Manufacturing Depression: The Secret History of a Modern Disease (Google eBook)

Front Cover
Simon and Schuster, Feb 2, 2010 - Psychology - 448 pages
19 Reviews
Am I depressed or just unhappy? In the last two decades, antidepressants have become staples of our medicine cabinets—doctors now write 120 million prescriptions annually, at a cost of more than 10 billion dollars. At the same time, depression rates have skyrocketed; twenty percent of Americans are now expected to suffer from it during their lives. Doctors, and drug companies, claim that this convergence is a public health triumph: the recognition and treatment of an under-diagnosed illness. Gary Greenberg, a practicing therapist and longtime depressive, raises a more disturbing possibility: that the disease has been manufactured to suit (and sell) the cure.

Greenberg draws on sources ranging from the Bible to current medical journals to show how the idea that unhappiness is an illness has been packaged and sold by brilliant scientists and shrewd marketing experts—and why it has been so successful. Part memoir, part intellectual history, part exposé—including a vivid chronicle of his participation in a clinical antidepressant trial—Manufacturing Depression is an incisive look at an epidemic that has changed the way we have come to think of ourselves.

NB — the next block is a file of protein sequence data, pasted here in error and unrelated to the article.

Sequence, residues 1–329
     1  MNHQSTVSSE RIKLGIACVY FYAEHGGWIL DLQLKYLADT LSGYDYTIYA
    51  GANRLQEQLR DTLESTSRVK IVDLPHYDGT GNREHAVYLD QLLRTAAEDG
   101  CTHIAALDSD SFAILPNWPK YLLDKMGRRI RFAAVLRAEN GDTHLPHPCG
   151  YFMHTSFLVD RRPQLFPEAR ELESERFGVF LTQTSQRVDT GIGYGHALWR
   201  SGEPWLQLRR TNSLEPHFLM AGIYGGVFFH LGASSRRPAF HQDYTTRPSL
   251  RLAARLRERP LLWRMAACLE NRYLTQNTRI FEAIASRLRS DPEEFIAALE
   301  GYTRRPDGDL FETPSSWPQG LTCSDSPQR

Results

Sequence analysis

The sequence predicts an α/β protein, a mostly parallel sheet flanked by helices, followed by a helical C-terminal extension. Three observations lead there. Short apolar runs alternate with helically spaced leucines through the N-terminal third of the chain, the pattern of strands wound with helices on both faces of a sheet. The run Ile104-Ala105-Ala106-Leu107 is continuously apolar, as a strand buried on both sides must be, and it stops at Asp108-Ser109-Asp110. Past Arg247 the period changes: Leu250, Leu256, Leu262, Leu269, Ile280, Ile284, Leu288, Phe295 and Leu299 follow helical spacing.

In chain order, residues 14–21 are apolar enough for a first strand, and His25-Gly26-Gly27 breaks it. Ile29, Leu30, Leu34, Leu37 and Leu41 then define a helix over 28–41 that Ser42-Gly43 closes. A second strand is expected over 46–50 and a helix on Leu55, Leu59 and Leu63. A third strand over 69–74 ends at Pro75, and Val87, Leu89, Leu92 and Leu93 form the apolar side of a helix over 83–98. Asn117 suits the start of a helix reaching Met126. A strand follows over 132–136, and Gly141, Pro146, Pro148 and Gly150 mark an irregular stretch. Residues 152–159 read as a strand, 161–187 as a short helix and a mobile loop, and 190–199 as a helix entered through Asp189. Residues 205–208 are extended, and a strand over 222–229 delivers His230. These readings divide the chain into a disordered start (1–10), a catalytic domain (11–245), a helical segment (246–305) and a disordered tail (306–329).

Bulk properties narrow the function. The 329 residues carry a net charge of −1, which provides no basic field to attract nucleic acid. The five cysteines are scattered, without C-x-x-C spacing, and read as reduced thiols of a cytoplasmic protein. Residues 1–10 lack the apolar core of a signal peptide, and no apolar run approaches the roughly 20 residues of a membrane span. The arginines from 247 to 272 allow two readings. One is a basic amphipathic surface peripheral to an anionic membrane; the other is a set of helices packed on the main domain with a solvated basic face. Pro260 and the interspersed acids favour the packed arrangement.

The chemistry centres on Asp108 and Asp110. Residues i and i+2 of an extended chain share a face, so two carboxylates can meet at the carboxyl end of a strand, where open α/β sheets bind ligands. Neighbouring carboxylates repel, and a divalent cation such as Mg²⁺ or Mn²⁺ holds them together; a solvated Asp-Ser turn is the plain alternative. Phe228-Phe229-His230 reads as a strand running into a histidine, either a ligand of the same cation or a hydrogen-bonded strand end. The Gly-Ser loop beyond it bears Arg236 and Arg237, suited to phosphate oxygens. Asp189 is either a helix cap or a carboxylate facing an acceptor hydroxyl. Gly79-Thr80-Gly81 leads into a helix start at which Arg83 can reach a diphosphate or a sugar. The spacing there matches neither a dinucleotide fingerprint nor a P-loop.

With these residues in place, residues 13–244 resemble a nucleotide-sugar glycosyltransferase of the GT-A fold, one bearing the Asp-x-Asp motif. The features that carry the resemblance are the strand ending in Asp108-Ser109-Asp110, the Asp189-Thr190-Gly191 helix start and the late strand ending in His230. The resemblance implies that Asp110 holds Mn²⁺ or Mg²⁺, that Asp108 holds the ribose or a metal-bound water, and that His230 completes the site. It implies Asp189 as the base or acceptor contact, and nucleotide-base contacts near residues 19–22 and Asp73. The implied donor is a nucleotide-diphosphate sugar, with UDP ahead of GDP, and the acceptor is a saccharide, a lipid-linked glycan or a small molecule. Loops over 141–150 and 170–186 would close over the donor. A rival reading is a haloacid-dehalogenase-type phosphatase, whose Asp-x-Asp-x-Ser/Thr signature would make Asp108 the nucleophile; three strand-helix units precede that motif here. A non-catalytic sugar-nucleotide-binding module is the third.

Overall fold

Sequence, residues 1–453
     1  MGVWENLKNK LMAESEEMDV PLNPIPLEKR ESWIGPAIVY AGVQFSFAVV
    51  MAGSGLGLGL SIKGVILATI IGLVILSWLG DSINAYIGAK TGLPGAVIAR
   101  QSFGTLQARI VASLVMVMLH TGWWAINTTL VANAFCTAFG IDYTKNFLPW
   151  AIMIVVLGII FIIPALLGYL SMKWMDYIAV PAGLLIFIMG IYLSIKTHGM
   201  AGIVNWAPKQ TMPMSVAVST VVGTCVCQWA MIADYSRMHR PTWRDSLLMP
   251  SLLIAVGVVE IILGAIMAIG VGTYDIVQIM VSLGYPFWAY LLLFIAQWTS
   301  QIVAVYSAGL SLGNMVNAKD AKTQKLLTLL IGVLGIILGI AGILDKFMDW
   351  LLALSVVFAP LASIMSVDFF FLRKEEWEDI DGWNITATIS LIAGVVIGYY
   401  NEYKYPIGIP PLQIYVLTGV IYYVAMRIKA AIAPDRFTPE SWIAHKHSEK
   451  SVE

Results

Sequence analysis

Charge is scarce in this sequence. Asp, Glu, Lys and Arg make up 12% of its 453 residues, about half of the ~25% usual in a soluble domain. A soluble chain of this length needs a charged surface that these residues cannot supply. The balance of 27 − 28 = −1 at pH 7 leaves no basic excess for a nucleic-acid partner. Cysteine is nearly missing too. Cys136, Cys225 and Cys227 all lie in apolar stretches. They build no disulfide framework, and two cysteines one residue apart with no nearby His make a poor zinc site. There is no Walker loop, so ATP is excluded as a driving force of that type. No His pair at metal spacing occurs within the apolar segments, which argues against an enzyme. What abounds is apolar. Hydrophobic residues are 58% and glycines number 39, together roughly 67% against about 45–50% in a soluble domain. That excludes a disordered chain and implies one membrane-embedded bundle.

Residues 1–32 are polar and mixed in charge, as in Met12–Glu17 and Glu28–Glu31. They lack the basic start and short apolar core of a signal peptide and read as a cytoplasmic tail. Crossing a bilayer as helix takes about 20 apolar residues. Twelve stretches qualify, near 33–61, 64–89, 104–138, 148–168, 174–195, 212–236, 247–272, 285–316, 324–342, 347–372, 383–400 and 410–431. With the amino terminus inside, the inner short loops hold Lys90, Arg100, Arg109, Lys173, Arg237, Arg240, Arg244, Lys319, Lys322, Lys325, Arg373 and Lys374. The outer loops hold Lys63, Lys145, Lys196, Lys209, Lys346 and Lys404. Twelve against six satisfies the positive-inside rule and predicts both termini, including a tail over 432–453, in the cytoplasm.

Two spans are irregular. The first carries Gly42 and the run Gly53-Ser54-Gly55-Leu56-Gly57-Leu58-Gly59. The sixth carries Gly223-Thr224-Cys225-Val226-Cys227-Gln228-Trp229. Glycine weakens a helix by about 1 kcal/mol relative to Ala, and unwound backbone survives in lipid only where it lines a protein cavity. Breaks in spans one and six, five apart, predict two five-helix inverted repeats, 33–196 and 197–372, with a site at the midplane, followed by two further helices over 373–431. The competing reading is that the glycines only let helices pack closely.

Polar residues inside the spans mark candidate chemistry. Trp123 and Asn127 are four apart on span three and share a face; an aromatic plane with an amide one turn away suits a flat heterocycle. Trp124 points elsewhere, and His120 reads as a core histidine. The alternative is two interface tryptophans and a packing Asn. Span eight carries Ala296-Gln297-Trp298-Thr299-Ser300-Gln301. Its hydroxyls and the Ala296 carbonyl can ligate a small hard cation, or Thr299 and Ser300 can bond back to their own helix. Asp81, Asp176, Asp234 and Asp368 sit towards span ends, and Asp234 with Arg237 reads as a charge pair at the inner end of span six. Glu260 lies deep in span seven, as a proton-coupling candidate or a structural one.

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Review: Manufacturing Depression: The Secret History of a Modern Disease

User Review  - Kym Andrew Robinson - Goodreads

The book starts well with a good pace as it covers the history of mental health and the search for a 'cure'. The many magic bullets of medicine that were sought and developed in a hope to fix the ... Read full review

Review: Manufacturing Depression: The Secret History of a Modern Disease

User Review  - Verónica Valenzuela - Goodreads

This is a terribly over long book to say the same thing: using drugs to treat depression is a creation of the pharmaceutical companies and ambitious scientist. It was more of a history book than ... Read full review

Contents

Mollusks
1
Job Versus His Therapists
25
Mauve Measles
38
The Dangers of Empathy
61
Making Depression Safe for Democracy
80
What Your Mum and Dad Will Do to You
102
The Shock Doctors
127
The Acid and the Ecstasy
153
Diagnosing for Dollars
225
Mad Men on Drugs
253
Cognitive Therapy
286
The New Phrenologists
315
The Magnificence of Normal
338
Notes
369
Bibliography
397
Acknowledgments
417

Getting High and Making Money
169
Double Blind
201

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About the author (2010)

Gary Greenberg is a practicing psychotherapist in Connecticut and author of The Noble Lie. He has written about the intersection of science, politics, and ethics for many publications, including Harper's, the New Yorker, Wired, Discover, Rolling Stone, and Mother Jones, where he's a contributing writer.

Bibliographic information